“Daddy wouldn’t have crashed us,” her daughter said, then threw herself into her mother’s arms and wept.

We’re instantly thrown into a tear jerker, these two women and a child on the way, set down on a hostile planet whose air will kill them in an hour. All of their emergency lifesuits have been destroyed by the explosion that killed Arun. Mother, Seema, cannot see how life will be possible without her husband, but for the sake of their children, she pushes forth, trying to be strong for their guilt-ridden daughter Netesha.

This piece of flash hold’s its fair share of emotion, and then some. Their reactions rang true, and their anxiety transferred to me as I read along. I felt Seema’s frustration of her daughter refusing to listen, but understood that Netesha was not in a place to make a rational decision of her own. The ending image (without spoilers) is a very powerful one that echoes the relationship between mother and child. My only gripe is that Seema stumbles onto the solution to their problem rather abruptly, and I would have liked it to be more of a natural discovery, but still, this is a very quick and emotionally potent read.

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“The Things They Were Not Allowed to Carry” by Helena Leigh Bell

Posted by Nicky Drayden on Oct 4, 2014 in Writer's Life

Daily Science Fiction, June 2014
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Short Women in Space, Review #4

This neat little piece teeters between realism and surrealism as a group of interstellar travelers make their way to a new planet over the course of 50 years. Space is limited aboard the ship, and there is no room for non-necessities. Even very small and precious things get left behind. Obviously Martha’s grandmother’s piano cannot make the trip, and also Charles’s 1971 Corvette, but then the list of things they cannot bring goes sideways:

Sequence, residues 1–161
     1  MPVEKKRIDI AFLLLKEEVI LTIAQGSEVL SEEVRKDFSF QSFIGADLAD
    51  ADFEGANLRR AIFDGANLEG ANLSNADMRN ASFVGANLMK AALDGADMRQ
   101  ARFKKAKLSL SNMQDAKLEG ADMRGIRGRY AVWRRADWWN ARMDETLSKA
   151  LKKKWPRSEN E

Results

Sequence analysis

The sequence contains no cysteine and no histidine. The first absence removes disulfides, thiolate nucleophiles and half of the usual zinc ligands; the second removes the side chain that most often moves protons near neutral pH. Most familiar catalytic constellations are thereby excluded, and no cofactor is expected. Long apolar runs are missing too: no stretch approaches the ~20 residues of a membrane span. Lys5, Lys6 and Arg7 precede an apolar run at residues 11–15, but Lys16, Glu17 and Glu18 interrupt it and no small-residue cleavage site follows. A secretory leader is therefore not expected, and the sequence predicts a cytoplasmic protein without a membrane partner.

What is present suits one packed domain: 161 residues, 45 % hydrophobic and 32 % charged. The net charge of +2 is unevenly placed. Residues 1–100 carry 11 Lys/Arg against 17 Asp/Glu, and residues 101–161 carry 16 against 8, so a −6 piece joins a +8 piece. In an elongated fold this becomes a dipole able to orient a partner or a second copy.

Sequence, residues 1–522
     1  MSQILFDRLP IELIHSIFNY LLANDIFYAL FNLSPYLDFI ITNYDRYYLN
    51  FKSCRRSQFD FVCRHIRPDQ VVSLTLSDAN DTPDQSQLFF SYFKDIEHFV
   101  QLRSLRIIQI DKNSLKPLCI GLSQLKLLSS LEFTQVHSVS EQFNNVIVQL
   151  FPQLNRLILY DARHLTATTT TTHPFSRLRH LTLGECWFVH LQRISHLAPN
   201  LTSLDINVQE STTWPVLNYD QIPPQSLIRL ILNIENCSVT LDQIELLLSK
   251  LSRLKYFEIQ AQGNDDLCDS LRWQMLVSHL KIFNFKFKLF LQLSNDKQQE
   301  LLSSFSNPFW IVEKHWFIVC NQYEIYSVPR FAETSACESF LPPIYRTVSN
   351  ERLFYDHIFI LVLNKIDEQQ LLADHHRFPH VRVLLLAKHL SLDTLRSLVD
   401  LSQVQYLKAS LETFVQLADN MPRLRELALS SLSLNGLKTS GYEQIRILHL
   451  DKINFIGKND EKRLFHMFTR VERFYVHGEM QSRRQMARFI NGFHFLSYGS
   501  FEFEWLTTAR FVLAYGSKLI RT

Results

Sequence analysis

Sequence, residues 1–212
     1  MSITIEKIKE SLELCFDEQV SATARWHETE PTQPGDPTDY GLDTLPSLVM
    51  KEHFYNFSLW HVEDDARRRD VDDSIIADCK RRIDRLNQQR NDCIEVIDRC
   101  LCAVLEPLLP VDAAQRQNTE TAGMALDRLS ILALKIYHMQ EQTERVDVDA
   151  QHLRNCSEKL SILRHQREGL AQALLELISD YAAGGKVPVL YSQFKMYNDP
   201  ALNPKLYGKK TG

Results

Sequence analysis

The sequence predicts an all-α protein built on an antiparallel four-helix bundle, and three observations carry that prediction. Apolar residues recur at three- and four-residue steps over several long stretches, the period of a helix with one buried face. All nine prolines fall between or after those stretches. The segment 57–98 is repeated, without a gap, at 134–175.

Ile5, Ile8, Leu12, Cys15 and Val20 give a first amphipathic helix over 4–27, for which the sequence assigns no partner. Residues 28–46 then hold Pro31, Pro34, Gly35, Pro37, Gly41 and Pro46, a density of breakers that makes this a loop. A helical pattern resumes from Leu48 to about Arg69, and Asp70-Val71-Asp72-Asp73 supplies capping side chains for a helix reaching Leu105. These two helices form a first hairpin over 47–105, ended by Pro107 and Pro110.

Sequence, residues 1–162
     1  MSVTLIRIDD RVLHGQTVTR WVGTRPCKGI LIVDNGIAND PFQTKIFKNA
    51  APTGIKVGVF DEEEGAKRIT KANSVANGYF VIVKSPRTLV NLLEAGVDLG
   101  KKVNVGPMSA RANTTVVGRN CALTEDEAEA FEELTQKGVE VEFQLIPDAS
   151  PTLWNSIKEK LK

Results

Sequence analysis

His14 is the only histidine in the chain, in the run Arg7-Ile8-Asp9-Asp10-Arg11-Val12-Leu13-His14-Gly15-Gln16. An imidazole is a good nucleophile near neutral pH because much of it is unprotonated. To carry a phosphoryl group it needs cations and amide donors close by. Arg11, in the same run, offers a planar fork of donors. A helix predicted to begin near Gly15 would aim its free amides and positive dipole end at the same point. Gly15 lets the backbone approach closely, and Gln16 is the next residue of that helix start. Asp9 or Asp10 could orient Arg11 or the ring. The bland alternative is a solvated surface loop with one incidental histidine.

Tangible and intangible things, real and imagined were petitioned and overruled. Geologists Staebler and Garcia wanted to bring the smell of dirt roads after a thunderstorm. No one can carry this, it was decided. We will leave it behind.

Mementos and even memories are an anchor tying the voyagers back to their old life, back to Earth. They are best cast aside, but it is not an easy task to strip oneself of the past. The children aboard have much less baggage and are able to drop their ties to materialism and their old home. They even give up basic necessities such as clothing and bathing, figuring the ship never bathes, so why should they? As a result, in the uncomfortably close quarters of the ship, a cultural rift forms between young and old.

This story is a great account of the mental toll of long-term space travel. I enjoyed the sensory elements, as well as, being drawn along on this journey, slowly coming to the realizations of why history must be left in the past, and how that changes us as a people. It’s difficult to pull this off in a piece of short fiction, but Helena definitely delivers, so give it a read!

Kathryn C. Thornton First woman to make multiple spacewalks

REAL Women in Space
Kathryn C. Thornton
First woman to make multiple spacewalks (May 14–15, 1992, Dec. 6, 1993, Dec. 8, 1993)